Cry Havoc Delivers a Monster of a First Issue
Let me start by saying that I am well aware of the fact that I am supposed to review comics. My throngs of fans are likely all glued to this site foaming at the mouth, constantly hitting refresh, in unrestrained anticipation of my next offering, and who could blame you? Well, if I’m being totally honest, Cry Havoc is not a comic, my friends. No, it is an artistic showcase. While on the very surface it is an enjoyable read, and visually fun to look at, this is no Michael Bay popcorn movie of a book. Cry Havoc is an extremely decisive and deliberately crafted work worthy of multiple reads. Almost every detail, down to the color pallets used, layout of the pages, and names of the characters are deliberate choices made for a specific reason beyond just looking cool or moving the story forward. Cry Havoc tells the story of Lou, a girl from London who suffers a violent and seemingly fatal run in with a supernatural wolf-like creature, only to wake up a few hours later unharmed. Not long thereafter she begins changing into something no longer entirely human. As she starts to become aware of her new abilities, a growing struggle builds within her between her desire to remain in control and the intoxicating allure of giving in to these abilities, a struggle made all the more difficult when she finds herself a member of a mercenary group made up of other unique individuals that want to use her for her abilities in an exchange for helping her get rid of them. It is within that strife that we find a central theme to this book: the personal struggle with one’s inner beast, and the isolation you can feel when it seems like nobody else truly understands what you’re going through.
If you are any kind of avid comic reader, one of the first things you are likely to notice (aside from a very cool looking cover) is the listing of what seems like an unreasonably large creative team (seven credits where you would usually find around two to four). You may be surprised to find out that this was not a case of timing conflict or being behind schedule, causing pages and tasks to be outsourced to numerous other people in an attempt to make a deadline, but rather this was a distinct choice made to showcase specific elements and themes within the story. Doing so also showcases talent that can sometimes be overlooked and taken for granted in other comics. There are three colorists, a writer, artist, designer, and letterer. Despite such a long list of names, everyone’s presence can be felt within the pages, and each has their own impact. The overall design and layout of the book are wonderful. There is great care taken in details even as subtle as panel structure between timelines that really help give this book a uniqueness that is hard not to appreciate.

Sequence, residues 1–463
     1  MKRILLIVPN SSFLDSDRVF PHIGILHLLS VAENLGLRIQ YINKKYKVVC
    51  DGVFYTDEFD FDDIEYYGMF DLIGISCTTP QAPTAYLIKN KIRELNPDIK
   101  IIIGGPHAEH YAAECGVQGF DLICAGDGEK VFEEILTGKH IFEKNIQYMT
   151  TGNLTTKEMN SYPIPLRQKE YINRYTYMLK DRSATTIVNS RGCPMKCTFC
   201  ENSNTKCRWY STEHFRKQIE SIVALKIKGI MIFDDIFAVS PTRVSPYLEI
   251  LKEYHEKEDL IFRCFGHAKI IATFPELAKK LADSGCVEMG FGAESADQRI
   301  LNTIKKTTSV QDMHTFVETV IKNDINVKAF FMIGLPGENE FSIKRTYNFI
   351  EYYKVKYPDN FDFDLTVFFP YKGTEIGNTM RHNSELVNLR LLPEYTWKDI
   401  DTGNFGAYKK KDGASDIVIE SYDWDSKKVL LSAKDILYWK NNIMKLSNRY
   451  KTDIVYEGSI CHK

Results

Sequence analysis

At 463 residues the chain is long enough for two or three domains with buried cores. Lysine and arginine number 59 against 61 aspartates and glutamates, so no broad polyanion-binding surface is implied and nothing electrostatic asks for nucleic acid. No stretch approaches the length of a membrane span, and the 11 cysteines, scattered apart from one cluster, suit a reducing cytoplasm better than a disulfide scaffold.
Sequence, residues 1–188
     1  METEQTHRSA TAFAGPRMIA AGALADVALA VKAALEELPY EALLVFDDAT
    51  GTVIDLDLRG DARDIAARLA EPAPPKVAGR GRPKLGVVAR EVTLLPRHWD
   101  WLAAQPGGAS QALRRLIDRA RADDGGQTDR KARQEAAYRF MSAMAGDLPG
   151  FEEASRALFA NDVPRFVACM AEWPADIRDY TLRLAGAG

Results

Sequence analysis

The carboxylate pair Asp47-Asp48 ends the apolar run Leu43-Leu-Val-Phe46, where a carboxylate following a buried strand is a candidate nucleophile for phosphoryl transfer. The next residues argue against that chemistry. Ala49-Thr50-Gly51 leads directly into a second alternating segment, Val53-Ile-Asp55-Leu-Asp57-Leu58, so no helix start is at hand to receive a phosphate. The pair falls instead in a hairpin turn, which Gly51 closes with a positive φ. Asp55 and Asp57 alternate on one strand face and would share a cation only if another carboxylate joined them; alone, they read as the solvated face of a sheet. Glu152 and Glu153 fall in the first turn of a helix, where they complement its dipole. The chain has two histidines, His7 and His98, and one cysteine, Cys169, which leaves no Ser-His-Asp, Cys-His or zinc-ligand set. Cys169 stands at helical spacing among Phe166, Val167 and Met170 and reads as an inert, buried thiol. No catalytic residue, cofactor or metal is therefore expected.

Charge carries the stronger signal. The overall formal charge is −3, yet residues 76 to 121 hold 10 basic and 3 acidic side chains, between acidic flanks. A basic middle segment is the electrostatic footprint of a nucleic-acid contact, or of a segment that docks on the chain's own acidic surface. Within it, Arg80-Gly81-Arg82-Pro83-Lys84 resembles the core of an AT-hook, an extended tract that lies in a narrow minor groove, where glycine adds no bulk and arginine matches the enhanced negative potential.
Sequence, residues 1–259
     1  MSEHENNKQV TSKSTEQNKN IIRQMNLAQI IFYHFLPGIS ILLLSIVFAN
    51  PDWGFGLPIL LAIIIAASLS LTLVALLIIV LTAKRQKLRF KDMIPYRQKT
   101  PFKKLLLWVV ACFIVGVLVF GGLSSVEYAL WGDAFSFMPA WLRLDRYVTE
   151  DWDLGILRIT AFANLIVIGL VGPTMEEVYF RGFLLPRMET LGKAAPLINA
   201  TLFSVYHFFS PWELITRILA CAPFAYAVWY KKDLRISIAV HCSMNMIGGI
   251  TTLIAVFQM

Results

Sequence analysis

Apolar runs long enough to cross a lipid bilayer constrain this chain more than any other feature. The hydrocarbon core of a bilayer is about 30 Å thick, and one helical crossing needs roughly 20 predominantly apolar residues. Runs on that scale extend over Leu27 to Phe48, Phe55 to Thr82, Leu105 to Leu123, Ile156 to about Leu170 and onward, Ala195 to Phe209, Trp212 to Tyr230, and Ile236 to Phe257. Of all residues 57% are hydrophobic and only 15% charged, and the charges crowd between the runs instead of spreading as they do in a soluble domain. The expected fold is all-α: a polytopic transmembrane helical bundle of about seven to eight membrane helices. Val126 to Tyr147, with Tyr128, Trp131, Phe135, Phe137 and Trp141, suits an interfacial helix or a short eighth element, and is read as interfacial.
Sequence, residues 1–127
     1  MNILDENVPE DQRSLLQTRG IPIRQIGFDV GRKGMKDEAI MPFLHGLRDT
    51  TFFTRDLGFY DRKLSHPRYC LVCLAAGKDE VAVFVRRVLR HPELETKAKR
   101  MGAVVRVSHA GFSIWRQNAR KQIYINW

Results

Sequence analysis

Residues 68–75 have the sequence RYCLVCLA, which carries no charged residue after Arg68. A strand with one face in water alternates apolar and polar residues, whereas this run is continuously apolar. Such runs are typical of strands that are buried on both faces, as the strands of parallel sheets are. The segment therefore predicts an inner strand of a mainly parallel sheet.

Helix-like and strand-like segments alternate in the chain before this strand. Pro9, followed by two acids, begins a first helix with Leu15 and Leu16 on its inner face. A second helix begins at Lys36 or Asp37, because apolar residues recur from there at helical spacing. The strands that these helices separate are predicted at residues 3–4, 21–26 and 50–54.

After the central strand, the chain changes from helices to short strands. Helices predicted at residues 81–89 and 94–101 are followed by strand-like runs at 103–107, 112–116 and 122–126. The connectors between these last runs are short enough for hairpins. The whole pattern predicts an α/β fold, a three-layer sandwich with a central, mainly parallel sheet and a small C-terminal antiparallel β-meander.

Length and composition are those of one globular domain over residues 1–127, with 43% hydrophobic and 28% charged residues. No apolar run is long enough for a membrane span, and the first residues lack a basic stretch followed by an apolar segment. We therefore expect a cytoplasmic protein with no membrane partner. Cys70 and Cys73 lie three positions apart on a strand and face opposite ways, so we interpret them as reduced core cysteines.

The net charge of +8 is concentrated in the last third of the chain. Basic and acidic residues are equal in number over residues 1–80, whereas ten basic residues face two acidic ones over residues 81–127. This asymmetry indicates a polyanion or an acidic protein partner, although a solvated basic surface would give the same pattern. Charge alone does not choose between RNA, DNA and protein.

The story jumps around between three distinct sections in time of Lou’s story. This allows the colorists to really highlight just how important a colorist can be in affecting the tone and feel of an artist’s work. They almost make the different sections feel as though they could be done by different artists, and the colors masterfully accentuate what Lou is going through and how the situation differs from one point to the next. Ryan Kelly’s art is terrifically suited to the story being told as well. His visual storytelling skills and style mesh perfectly with the narrative. His energetic art has a slight amount of edge and grit that lends itself well to the violent and supernatural world of monsters and mercenaries. That’s not to say this book is all visuals either: the large artistic team, potent and effective in their execution though they may be, do not detract from or outshine the person who provides the bones on which this beast is built.
Simon Spurrier’s writing in this book is very strong. The story is well paced, and the dialogue feels very true and natural to the characters. He leaves you hanging with enough mystery to want to keep reading, but gives you enough story and information that you don’t feel cheated. One of the absolute character based highlights of his writing is his treatment of homosexuals in the story. They are in the story, but they are not here as a gimmick or a story defining element. They are simply here because they exist in the real world, so why wouldn’t they exist in this one? You get the sense that the writer doesn’t feel the need to have a reason for a character to be gay, some people just are. There is no more effort seen here to remind us of a characters orientation than you would see from a writer going out of his way to remind us Peter Parker is straight, they are just treated as people. The lack of commentary is in itself a commentary. It is essentially saying that it shouldn’t be some special achievement to shoehorn an LGBT character into your story. They are no different from any other person and can integrate seamlessly into the world you are creating without having to define it or have their orientation be the focus of it.
Cry Havoc turned in a stellar first issue, well worthy of your attention. There is even a very informative and interesting “Annotations” section in the back, with a page by page breakdown of some highlights you may have missed on your first read through. It has a uniquely large creative team that was firing on all cylinders, which in turn created something that was itself thoroughly unique and enjoyable. I would highly recommend giving the first issue a look if you haven’t already. Whether you are a hard core comic enthusiast or just passively indulge, this is an enjoyable read.